Measure the length of the pipe from the tip to the end, and note the measurement. Then, subtract 1/2 inch to account for the length of the threads.

### Step 3: Measure the Outside Diameter (OD)

After measuring the length, you will need to measure the diameter of the pipe. For a pipe with male threads or a pipe with no threads, you have to measure the outside diameter (OD).

The outside diameter measurement is the distance between two perpendicular points on the outside edge of the pipe.

There are a couple of ways to do it.

• If You Have a Caliper

Open the jaws of the caliper until they are slightly wider than the outside diameter of the pipe.

Place the caliper around the pipe so that the jaws are touching the sides of the pipe.

Read the Scale (Here’s a quick video showing how to read vernier caliper scales)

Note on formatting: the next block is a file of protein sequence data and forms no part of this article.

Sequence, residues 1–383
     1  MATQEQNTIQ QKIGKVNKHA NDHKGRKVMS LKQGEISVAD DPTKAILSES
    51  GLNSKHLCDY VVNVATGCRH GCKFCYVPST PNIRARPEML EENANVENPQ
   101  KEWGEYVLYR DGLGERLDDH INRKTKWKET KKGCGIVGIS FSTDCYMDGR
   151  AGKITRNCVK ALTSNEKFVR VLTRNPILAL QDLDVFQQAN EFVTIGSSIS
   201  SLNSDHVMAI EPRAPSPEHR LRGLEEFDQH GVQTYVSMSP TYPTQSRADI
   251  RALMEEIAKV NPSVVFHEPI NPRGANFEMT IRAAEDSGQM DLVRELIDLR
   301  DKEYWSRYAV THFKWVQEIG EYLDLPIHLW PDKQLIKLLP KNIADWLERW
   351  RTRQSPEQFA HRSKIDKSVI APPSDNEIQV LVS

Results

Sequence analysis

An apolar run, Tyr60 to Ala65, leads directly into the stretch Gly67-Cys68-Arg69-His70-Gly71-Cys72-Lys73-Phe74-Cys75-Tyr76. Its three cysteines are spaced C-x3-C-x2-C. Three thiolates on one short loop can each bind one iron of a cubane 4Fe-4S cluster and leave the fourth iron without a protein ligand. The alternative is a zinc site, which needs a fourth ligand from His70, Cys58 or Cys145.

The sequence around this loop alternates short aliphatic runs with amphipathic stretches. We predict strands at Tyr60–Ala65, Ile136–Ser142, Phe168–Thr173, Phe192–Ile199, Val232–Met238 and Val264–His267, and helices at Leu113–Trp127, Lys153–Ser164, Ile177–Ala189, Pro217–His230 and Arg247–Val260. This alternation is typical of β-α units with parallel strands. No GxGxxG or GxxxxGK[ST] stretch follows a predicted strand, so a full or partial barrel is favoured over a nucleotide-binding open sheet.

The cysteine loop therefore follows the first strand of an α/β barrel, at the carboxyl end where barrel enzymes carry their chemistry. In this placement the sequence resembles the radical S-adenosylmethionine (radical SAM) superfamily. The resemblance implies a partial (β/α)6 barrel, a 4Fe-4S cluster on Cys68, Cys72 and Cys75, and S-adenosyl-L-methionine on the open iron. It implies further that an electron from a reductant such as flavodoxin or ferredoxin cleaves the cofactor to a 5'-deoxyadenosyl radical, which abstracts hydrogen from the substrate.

• If You Don’t Have a Caliper

Evenly wrap a string around the pipe.

Mark the string where it overlaps to form a complete circle.

Use a ruler or tape measure to measure the length of the string.

Divide the length of the string by π (≈3.14) to get the outside diameter of the pipe.

### Step 4: Measure the Inside Diameter

If you have a pipe with female threads, you’ll have to measure the inside diameter (ID). The inner diameter is the distance between two perpendicular points on the inside edge of the pipe.

To measure it yourself, you’ll need a special caliper or micrometer that has outside jaws, which can measure the diameter of holes, like the inside of a pipe.

1. Open the outside jaws of the caliper until they are slightly narrower than the inside diameter of the pipe.
2. Place the caliper inside the pipe so that the outside jaws are touching the inner sides of the pipe.